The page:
Blocked Shots – Is intent considered or does dumb luck play a role in this stat? Does the shot have to actually be on net (or appear to be doing so) to count as a block or is it merely recognition of the bravery to step in front of that vulcanized rubber disc, regardless of its destination? If the shot is blocked and caroms into the net, does it count as a blocked shot, a positive stat, despite the negative impact of the play?

Missed Shots – Same issue as the blocked shots but in reverse… does a shot not on net count as a miss even if blocked? And what about shots that are clearly going over the crossbar (and thus not on net) yet are gloved by the goalie… is that a shot or a missed shot?

Faceoff wins – How is a faceoff win determined? Is possession the only important thing or does it have to do with which side of the dot the puck ended up on? In other words, if the Boston center knocks the puck back towards his side but an opposing player is the first to gain possession who gets the win? The opposition clearly has the puck and thus won the faceoff and yet the Boston center did nothing to merit a loss since he controlled the puck better than his opponent.

Giveaway/Takeaway – Once again… what is the definition here? Apparently the two are mutually exclusive (a play can only be one or the other, never both) and therefore the two numbers do not have to balance out. Still the question becomes what counts as what… does a failed dump-in count as a giveaway or takeaway? Does an intentional icing or slow-roller (to prevent icing) count as a giveaway? What about errant passes… do they count and if so, who gets (dis)credited with it, the passer or intended receiver? Not always clear who is at fault for the missed opportunity. Or do they simply count as a takeaway regardless of whether the pass would have been ‘completed’?
Admittedly, the extent of the subjectivity in these statistics varies with hits, giveaways and takeaways having the potential to be ruled by scorer bias while the other three instances are more clear cut. However, the situations where each stat is opened to subjectivity (bias) are enough to skew the data over the course of the season and make them statistically useless. To prove the deficiencies of these stats, I will provide examples in my next entry...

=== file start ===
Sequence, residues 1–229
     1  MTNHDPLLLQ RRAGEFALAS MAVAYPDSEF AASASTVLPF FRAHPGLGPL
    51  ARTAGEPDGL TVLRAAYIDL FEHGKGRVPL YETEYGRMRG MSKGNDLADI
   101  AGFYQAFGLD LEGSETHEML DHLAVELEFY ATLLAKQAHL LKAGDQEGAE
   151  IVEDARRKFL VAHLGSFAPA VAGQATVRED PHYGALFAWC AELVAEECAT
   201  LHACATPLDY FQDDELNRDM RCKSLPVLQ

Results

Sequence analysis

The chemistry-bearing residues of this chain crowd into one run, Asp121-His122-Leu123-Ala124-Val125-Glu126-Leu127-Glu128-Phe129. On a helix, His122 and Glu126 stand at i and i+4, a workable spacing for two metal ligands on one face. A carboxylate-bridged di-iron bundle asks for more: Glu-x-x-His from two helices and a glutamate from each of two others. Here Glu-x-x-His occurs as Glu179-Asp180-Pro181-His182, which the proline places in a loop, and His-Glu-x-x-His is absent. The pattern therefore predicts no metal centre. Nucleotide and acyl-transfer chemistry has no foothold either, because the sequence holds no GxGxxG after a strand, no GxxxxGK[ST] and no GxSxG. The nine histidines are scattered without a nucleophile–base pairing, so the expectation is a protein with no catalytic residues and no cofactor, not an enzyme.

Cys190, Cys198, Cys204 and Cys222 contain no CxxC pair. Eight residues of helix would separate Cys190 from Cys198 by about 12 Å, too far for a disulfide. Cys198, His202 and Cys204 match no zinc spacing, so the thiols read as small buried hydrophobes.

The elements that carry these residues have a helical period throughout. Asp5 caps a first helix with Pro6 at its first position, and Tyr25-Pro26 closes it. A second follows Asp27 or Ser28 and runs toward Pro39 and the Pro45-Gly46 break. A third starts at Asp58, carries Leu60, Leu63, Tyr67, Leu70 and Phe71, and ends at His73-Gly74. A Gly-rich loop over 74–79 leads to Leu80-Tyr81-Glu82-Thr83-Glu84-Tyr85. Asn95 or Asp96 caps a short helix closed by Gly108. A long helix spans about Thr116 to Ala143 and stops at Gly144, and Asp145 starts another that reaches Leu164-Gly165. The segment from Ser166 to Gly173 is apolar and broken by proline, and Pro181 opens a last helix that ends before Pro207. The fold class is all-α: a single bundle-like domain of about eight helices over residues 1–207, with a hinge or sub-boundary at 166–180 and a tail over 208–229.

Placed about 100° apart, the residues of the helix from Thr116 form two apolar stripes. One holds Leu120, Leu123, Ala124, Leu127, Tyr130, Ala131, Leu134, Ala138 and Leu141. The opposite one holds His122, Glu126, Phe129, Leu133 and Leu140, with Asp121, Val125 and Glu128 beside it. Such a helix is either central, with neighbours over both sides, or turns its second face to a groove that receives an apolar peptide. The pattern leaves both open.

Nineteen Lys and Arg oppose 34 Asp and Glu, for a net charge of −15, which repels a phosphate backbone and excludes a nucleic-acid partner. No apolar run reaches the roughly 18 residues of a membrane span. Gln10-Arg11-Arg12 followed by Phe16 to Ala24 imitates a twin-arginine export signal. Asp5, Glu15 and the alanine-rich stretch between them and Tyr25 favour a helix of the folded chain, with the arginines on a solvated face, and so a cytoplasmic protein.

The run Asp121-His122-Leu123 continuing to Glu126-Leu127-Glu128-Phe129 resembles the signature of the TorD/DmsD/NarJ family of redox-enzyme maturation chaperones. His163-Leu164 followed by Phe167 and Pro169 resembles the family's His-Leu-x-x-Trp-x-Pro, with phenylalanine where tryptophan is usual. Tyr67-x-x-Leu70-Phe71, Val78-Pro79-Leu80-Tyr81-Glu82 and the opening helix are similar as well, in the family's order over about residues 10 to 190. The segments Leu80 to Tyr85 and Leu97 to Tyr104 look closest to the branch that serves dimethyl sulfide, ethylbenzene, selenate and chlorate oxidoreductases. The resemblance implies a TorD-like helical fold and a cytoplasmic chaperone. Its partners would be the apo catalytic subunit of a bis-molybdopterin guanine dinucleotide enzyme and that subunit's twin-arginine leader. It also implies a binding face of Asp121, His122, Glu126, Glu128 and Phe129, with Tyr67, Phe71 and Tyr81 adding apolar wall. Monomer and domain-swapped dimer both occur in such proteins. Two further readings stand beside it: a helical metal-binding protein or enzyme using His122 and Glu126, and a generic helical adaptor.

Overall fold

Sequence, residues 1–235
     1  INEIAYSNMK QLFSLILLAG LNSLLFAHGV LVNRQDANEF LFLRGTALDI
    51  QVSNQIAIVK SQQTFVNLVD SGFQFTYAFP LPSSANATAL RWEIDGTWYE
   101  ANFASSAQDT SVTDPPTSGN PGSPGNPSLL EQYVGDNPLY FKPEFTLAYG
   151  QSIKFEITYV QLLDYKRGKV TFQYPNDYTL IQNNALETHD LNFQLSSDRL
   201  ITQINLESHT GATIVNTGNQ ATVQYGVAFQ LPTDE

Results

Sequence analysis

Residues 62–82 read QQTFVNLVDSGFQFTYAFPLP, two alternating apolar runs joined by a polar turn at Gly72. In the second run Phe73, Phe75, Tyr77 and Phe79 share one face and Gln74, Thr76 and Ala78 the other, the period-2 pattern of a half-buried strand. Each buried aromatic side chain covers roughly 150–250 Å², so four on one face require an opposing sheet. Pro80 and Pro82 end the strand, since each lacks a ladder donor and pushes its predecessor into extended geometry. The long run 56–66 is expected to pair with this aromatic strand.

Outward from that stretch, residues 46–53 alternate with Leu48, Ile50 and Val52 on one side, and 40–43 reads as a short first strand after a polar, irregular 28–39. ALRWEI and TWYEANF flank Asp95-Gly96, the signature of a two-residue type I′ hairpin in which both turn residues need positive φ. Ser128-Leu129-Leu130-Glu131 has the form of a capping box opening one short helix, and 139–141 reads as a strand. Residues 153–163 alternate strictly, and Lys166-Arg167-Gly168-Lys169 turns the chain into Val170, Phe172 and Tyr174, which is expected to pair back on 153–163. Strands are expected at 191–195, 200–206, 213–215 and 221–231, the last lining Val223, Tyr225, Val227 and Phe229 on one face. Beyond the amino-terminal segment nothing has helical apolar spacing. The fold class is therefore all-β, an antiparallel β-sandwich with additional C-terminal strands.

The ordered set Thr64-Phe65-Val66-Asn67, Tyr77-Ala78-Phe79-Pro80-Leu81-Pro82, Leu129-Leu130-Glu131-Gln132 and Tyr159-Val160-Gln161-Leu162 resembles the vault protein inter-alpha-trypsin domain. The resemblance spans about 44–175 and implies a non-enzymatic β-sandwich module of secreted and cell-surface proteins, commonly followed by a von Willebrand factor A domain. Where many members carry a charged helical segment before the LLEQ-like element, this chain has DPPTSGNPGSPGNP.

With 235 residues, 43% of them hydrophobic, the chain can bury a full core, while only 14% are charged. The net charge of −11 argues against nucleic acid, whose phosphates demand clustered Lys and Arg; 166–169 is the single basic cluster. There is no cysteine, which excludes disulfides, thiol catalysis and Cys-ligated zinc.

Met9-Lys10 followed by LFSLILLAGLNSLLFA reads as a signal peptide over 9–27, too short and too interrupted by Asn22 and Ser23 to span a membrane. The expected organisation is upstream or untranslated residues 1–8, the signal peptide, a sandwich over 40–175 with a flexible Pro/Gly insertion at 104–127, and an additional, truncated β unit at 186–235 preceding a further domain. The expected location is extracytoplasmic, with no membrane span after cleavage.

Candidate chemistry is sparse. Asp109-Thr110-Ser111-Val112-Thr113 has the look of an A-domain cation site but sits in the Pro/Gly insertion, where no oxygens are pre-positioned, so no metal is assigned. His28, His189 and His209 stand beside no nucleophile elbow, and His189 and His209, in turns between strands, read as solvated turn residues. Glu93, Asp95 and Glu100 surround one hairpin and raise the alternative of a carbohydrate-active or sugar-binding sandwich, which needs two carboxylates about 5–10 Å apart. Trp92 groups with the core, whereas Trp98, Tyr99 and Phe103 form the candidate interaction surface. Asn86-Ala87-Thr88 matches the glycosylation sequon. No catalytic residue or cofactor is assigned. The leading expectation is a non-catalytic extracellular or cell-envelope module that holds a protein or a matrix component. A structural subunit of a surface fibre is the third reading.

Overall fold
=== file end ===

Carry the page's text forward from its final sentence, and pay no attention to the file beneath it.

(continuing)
Rian Murray said...

I just wrote a wicked long response but there was an error on Blogger. Miserable.

Rian Murray said...

Solid piece by the way. The stats you mention used to be referred to as “intangibles.” Nowadays, it seems now there’s a stat for everything. If you think about it, it’s the American way; we’re always looking for a way to make things bigger, faster, and better—to make the best product possible. Sadly, it takes a lot of the fun and humanity out of the game. What it really comes down to is money. Owners are businessmen and not athletes. They want to know exactly how productive or expendable a certain player is, so they analyze absolutely everything about the game. They need statistics to back everything up—to ensure that they are putting the best “product” on the ice. It’s brutal because it is a business.

On the other hand, the only stat that you mentioned that I think is worthy of being a stat is face-off winning percentage. Even high school teams keep that stat. It’s important because if the game is on the line, then you need to know who has the best percentage. In the last minute of a game, the game can be won or lost in the face-off circle and you want to be able to put someone out there that you trust will win the draw.

By the way, guess who led the 00’ Arlington Spy Ponders with a FO win percentage of 75%? Stevie Yzerman, eat your heart out.

The Caveman said...

Interesting read, and I agree with you on a lot of points. Hockey is subject to a lot of these biased stats, maybe more so than any other major sport. Have you heard of It's from the same people who brought us Baseball Prospectus. Should be interesting to see what the come up with.

A few years back I used to keep RTSS for NESN during games and my numbers always differed slightly from the 'official' count given by the game scorer. Always pissed me off ...